If Christianity suddenly became Illegal…
16 Yet if any man suffer as a Christian, let him not be ashamed; but let him glorify God on this behalf.
There was a poster, fifty years ago, which posed the question, “If Christianity suddenly becomes a crime, would there be enough evidence to convict you?” We want to make certain that that accusation—being a Christian— is the only one that will stick.
Yes, false accusations will always be a possibility. And, in today’s world there exists technology by which people can make what appears to be a “real video” of someone committing a crime (or any other activity) and even their friends and family would be convinced that “that is what they saw.” Movie producers have been using this technology to produce films of people who are no longer alive, and who died before modern cinema technology existed. It is amazingly seamless and convincing. So today, they would not have to “find false witnesses” to testify against you: they can simply “make a video” of you doing something you have never done, with people you have never met, in places where you have never set foot. How’s that for deception?
And, we are told ahead of time that we are to rejoice! We are told to not be ashamed, but to glorify God because of the false accusations and the unjust punishment. If we suffer for the “crime” of believing in Jesus, and for walking in obedience to Him, that is cause for rejoicing! You can rejoice that you are identified with Him closely enough that His enemies consider you to be their enemy, as well, regardless of how well you treat them. I have only had this happen a couple of times for sure, and in those particular cases, it did not result in any “real” persecution: I was simply aware that they hated me and talked behind my back. When I finally found out that it was specifically because I was a believer, it quit bothering me: If you hate me because of Jesus; that is OK by me!
People are (usually) judged in four ways by other humans:
- What they do.
- What they say. (And whether number one and two match one another.)
- Who their friends are: who they are most comfortable around?
- Who their enemies are: who despises them, and why?
If their only reason to hate you really is because you are “friends with Jesus,” then that is a good thing, regardless of the result. If you are despised for wrongdoing, or for hypocrisy or inflammatory orungodly speech; a sharp tongue, perhaps: then that is not a good thing. But, if you are seen as “an enemy of evil, both in word and deed,” and a “friend of Good,” as well as a “friend of God, through Christ,” then, come what may, the reward will be good!
17 For the time is come that judgment must begin at the house of God: and if it first begin at us, what shall the end be of them that obey not the gospel of God?
The world should see the severity of God’s Holiness along with the deep Grace that He offers and imparts to those who love Him. But frequently the strongest testimony of the saints of God is their response to calamity, and their response to false accusations and unjust punishment.
18 And if the righteous scarcely be saved, where shall the ungodly and the sinner appear?
The World should be able to sunderstand that, if believers must experience the chastening and discipline of God, then they themselves face even worse consequences for their unbelief and sin.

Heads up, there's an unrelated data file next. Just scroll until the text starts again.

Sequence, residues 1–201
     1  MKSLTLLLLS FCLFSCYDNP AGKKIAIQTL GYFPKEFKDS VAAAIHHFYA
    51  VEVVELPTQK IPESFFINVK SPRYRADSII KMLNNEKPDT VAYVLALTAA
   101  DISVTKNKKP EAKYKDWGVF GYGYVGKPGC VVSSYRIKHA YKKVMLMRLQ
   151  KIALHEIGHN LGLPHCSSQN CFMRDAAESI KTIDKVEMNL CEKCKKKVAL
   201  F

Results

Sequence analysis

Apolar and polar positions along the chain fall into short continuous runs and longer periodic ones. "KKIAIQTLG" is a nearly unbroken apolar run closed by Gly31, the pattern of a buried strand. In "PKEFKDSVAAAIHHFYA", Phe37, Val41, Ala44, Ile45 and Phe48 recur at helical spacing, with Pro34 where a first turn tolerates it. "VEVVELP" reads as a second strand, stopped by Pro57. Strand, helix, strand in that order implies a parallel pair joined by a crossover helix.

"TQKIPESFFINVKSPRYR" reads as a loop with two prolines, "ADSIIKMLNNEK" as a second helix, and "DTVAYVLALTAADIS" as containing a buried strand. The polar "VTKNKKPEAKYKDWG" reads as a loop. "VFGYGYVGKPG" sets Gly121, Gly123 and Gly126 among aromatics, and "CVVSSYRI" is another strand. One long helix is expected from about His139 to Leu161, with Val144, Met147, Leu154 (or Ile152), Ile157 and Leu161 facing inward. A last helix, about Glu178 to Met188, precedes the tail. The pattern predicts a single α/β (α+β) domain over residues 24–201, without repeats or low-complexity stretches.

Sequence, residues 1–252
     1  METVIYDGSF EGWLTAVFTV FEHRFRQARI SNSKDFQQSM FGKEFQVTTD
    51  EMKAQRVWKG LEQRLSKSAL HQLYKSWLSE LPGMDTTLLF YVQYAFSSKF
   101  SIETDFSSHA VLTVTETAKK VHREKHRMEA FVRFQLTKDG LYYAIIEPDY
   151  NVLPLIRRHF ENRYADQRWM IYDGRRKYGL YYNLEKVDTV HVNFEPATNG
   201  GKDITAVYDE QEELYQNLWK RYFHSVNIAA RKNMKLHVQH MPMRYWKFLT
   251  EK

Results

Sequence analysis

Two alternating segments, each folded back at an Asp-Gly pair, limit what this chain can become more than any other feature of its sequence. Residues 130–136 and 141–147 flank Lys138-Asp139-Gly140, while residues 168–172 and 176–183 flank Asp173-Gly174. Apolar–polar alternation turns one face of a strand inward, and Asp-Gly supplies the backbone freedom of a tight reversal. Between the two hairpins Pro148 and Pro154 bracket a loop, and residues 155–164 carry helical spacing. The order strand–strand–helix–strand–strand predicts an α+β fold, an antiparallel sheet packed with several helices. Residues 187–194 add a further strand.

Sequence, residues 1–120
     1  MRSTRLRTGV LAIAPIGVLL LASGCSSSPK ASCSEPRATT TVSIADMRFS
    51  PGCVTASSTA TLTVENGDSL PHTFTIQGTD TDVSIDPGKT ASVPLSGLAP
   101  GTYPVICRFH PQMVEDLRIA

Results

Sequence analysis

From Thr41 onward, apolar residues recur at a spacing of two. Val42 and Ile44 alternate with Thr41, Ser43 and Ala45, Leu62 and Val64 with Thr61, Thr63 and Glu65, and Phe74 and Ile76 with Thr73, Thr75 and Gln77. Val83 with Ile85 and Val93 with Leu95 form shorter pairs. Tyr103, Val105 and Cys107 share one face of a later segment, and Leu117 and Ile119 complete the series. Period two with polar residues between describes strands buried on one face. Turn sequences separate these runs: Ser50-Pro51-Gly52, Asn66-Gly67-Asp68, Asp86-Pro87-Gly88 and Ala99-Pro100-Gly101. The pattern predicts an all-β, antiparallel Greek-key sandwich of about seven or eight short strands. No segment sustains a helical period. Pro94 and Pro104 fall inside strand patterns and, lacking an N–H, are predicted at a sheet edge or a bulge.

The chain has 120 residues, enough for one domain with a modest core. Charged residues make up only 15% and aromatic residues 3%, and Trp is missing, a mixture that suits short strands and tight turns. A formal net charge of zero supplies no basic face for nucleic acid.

Think of a gymnastic team. They have excruciatingly difficult workouts and practices, and they push themselves to do things that no “ordinary” human can do. Observers are thrilled with what they can do, but they are keenly aware that they themselves cannot do anything remotely similar.
Or, consider any of the martial arts, whether wrestling, boxing, jiu-jitsu or any other such discipline: Like most men, I have cherished the notion from childhood that, “Oh, I can take care of myself!” But I have watched videos of fights performed strictly for fame and prize money, and I have had to confess that “That young man could have hit me a dozen times before I could even get my guard up!” No, I cannot do what they are doing!
In both of the above cases, the participants subjected themselves to rigorous, painful and prolonged training, in order to “get that good” at what they were doing. And any honest observer can see the results of that discipline: Can the world see that in you? The result should be that, when harsh things happen in your life, and your response is good, they will be convicted by the knowledge that, “If that had happened to me, I would have been devastated!” And then, perhaps they will begin to wonder, “What makes them tick? What have they got that I haven’t got?”
Allow God to Work!
19 Wherefore let them that suffer according to the will of God commit the keeping of their souls to him in well doing, as unto a faithful Creator.
Therefore, we are to submit to the hand of God in all genuine tribulation, looking to Him for direction and release. The patriarch Joseph is a great example of this: He was sold by his brothers; he was enslaved to His enemies; he was lured (unsuccessfully) by an evil woman, and finally imprisoned for a crime he did not commit; but he still trusted in God, and he was eventually raised up, fully prepared for the purpose God had intended all along.
Lord Jesus, give us the wisdom and faith to respond in Godly fashion to the trials we may face in this world. You alone are worthy of all honor and glory, but you submitted yourself to continued abuse, at the hands of your enemies, and have been raised up by the Father, forever. Help us to follow in your footsteps.